Data from: Genetic hitchhiking and resistance evolution to transgenic Bt toxins: insights from the African stalk borer Busseola fusca (Noctuidae)
Campagne, Pascal et al. (2016), Data from: Genetic hitchhiking and resistance evolution to transgenic Bt toxins: insights from the African stalk borer Busseola fusca (Noctuidae), Dryad, Dataset, https://doi.org/10.5061/dryad.n3r35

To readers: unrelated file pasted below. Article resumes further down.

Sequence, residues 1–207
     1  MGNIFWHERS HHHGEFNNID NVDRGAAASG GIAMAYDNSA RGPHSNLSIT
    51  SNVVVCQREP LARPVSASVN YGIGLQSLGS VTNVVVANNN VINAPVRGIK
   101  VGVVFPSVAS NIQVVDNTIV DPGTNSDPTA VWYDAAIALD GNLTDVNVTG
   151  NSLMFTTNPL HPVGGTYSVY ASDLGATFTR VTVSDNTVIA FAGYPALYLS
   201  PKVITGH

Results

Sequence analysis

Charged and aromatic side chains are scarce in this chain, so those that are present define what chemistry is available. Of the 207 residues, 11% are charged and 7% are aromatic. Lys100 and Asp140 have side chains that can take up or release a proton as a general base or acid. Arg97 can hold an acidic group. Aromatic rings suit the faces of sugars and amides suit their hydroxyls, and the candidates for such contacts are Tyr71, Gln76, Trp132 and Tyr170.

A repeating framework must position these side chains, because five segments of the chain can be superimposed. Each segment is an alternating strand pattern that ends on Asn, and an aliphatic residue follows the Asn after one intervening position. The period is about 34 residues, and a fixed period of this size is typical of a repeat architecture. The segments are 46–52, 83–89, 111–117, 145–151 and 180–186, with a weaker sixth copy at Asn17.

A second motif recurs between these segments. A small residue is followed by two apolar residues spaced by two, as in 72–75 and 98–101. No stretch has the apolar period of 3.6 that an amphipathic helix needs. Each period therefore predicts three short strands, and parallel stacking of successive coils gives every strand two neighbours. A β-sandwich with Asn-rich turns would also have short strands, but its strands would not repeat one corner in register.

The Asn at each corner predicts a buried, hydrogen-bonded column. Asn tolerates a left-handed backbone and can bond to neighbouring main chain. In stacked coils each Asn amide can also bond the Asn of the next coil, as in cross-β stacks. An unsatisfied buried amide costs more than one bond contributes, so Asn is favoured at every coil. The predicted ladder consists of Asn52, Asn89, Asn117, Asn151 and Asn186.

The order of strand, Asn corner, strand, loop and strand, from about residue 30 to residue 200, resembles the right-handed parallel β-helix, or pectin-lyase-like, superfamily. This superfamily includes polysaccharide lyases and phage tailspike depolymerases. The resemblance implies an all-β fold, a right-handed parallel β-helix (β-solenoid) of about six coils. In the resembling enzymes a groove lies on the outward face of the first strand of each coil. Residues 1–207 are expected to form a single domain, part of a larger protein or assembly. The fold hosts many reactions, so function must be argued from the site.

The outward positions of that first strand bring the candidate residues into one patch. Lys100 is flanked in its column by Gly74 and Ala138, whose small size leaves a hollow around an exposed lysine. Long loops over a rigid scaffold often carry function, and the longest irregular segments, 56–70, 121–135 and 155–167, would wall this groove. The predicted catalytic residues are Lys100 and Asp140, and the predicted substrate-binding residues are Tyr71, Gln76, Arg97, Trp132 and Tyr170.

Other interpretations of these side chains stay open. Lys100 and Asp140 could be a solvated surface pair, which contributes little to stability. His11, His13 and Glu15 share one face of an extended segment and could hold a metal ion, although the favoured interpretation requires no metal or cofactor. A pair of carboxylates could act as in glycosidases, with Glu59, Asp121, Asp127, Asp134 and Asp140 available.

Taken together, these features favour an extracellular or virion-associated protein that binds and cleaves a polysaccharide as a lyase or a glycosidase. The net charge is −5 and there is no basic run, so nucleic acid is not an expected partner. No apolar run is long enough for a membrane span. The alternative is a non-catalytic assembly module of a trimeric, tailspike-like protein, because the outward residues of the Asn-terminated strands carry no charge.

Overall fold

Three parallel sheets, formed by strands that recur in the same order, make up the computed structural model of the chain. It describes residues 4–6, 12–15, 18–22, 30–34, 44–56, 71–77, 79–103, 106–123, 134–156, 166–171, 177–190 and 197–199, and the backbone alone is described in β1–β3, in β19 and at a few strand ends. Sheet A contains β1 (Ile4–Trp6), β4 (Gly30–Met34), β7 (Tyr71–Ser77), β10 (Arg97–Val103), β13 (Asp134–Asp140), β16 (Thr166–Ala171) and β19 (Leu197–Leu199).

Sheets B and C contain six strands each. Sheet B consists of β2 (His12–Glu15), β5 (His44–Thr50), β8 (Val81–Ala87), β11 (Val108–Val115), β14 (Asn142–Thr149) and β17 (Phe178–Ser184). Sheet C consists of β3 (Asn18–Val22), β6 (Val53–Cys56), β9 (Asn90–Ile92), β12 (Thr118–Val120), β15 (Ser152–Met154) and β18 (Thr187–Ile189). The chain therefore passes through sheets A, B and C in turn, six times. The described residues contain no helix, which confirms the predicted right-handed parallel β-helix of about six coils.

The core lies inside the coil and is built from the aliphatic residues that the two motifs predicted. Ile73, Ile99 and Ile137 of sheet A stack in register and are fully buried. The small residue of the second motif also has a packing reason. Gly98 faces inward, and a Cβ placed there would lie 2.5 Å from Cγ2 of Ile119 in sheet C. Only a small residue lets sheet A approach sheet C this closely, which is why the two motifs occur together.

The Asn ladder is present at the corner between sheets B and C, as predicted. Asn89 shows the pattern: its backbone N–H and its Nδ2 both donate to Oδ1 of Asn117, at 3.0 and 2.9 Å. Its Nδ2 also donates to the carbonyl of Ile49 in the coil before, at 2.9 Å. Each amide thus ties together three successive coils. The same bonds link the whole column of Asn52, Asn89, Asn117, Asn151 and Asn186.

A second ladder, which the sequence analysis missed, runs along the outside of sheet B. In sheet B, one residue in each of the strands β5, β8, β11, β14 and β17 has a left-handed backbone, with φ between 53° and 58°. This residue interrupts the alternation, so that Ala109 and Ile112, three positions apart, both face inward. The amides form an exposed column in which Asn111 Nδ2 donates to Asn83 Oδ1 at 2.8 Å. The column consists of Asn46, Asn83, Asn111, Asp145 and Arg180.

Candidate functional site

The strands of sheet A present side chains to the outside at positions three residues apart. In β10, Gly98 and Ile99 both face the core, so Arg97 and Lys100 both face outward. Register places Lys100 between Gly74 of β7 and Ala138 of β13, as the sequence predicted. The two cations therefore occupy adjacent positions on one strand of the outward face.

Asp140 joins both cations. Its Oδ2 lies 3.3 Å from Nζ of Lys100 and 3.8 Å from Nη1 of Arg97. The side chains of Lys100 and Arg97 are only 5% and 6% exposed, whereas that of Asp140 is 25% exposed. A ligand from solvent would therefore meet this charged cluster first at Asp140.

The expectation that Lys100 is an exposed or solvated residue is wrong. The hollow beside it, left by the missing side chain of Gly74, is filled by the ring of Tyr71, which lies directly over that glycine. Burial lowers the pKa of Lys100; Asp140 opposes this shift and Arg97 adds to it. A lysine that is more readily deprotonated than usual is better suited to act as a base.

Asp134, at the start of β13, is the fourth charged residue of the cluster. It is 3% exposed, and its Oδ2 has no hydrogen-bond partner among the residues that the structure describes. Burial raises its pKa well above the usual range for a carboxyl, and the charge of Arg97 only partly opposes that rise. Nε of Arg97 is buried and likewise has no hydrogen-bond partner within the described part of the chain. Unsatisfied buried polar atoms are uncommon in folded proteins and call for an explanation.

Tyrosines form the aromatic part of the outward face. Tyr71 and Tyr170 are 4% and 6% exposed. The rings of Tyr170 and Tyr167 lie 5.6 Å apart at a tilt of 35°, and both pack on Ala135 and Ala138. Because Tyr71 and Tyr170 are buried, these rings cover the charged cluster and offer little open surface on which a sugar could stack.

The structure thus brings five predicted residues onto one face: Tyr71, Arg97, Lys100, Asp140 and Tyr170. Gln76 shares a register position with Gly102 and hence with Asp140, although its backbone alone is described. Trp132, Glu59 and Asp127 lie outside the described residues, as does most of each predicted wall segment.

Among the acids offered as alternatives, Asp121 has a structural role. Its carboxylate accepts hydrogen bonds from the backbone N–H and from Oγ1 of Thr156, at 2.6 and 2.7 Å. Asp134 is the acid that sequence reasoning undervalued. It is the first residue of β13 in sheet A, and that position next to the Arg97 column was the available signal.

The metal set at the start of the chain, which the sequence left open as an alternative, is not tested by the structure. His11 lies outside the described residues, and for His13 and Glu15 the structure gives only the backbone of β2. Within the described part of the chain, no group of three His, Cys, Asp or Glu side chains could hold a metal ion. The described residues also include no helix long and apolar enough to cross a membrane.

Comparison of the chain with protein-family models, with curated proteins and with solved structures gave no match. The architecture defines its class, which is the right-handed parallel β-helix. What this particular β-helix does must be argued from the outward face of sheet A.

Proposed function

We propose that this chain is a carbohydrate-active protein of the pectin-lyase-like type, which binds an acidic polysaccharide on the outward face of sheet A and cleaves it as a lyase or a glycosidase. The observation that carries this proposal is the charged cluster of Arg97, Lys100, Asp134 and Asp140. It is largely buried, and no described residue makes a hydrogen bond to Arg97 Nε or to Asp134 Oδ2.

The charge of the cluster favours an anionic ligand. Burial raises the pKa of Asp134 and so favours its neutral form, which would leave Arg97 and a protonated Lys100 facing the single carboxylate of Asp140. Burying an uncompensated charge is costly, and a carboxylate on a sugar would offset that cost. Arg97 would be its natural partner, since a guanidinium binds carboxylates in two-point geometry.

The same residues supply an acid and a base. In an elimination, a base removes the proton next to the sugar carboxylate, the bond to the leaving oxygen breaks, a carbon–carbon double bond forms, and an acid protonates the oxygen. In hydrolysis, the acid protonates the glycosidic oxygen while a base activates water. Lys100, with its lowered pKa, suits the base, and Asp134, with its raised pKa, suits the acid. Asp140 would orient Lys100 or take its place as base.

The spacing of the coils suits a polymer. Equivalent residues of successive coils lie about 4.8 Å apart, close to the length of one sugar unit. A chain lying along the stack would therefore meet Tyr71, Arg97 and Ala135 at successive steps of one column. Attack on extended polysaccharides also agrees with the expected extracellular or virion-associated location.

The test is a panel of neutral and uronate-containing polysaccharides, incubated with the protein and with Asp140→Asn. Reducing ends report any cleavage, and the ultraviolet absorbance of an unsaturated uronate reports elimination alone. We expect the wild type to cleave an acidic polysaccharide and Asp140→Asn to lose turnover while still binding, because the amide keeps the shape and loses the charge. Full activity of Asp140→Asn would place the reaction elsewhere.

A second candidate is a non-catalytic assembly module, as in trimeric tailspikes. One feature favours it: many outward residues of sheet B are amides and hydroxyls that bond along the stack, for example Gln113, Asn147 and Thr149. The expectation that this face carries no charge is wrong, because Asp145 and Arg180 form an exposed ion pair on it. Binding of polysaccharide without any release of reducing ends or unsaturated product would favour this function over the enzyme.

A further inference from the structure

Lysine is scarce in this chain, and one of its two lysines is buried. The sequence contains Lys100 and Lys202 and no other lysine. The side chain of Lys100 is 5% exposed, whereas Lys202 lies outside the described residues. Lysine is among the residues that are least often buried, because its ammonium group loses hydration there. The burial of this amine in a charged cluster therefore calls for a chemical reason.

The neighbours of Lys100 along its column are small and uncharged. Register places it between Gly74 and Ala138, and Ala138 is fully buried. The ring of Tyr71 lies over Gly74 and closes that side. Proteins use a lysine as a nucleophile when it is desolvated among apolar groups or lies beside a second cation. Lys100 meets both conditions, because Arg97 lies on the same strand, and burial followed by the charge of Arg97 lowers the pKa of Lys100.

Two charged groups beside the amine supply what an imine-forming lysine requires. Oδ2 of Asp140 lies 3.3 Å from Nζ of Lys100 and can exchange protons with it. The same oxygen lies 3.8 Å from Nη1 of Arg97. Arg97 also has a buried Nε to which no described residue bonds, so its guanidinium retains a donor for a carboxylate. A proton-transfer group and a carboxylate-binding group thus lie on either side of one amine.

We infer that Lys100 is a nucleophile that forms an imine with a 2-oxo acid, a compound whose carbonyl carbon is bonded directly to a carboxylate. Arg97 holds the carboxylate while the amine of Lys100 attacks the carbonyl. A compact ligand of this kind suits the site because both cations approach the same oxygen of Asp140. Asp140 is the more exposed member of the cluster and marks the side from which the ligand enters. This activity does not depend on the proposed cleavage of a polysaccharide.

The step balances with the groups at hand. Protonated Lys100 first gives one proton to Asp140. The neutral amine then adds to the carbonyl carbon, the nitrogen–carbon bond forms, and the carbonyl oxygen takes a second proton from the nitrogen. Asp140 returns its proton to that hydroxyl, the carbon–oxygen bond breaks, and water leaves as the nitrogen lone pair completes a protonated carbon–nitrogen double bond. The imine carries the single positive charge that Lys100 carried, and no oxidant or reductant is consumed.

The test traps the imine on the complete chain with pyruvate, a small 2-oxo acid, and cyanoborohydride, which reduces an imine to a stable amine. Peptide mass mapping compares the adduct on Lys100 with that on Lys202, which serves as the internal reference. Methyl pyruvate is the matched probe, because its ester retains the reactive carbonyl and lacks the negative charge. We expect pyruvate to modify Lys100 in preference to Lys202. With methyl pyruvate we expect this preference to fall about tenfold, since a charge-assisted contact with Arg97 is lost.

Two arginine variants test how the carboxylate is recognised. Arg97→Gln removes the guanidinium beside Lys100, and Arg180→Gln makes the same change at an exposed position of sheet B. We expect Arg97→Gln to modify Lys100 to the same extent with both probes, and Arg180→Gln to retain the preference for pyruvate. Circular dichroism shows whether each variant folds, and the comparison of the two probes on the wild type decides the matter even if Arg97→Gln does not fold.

Since transgenic crops expressing Bacillus thuringiensis (Bt) toxins were first released, resistance evolution leading to failure in control of pests populations has been observed in a number of species. Field resistance of the moth Busseola fusca was acknowledged 8 years after Bt maize was introduced in South Africa. Since then, field resistance of this corn borer has been observed at several locations, raising questions about the nature, distribution and dynamics of the resistance trait. Using genetic markers, our study identified four outlier loci clearly associated with resistance. In addition, genetic structure at neutral loci reflected extensive gene flow among populations. A realistically parameterised model suggests that resistance could travel in space at speed of several kilometres a year. Markers at outlier loci delineated a geographic region associated with resistance spread. This was an area of approximately 100 km radius, including the location where resistance was first reported. Controlled crosses corroborated these findings and showed significant differences of progeny survival on Bt plants depending on the origin of the resistant parent. Last, our study suggests diverse resistance mutations, which would explain the widespread occurrence of resistant larvae in Bt fields across the main area of maize production in South Africa.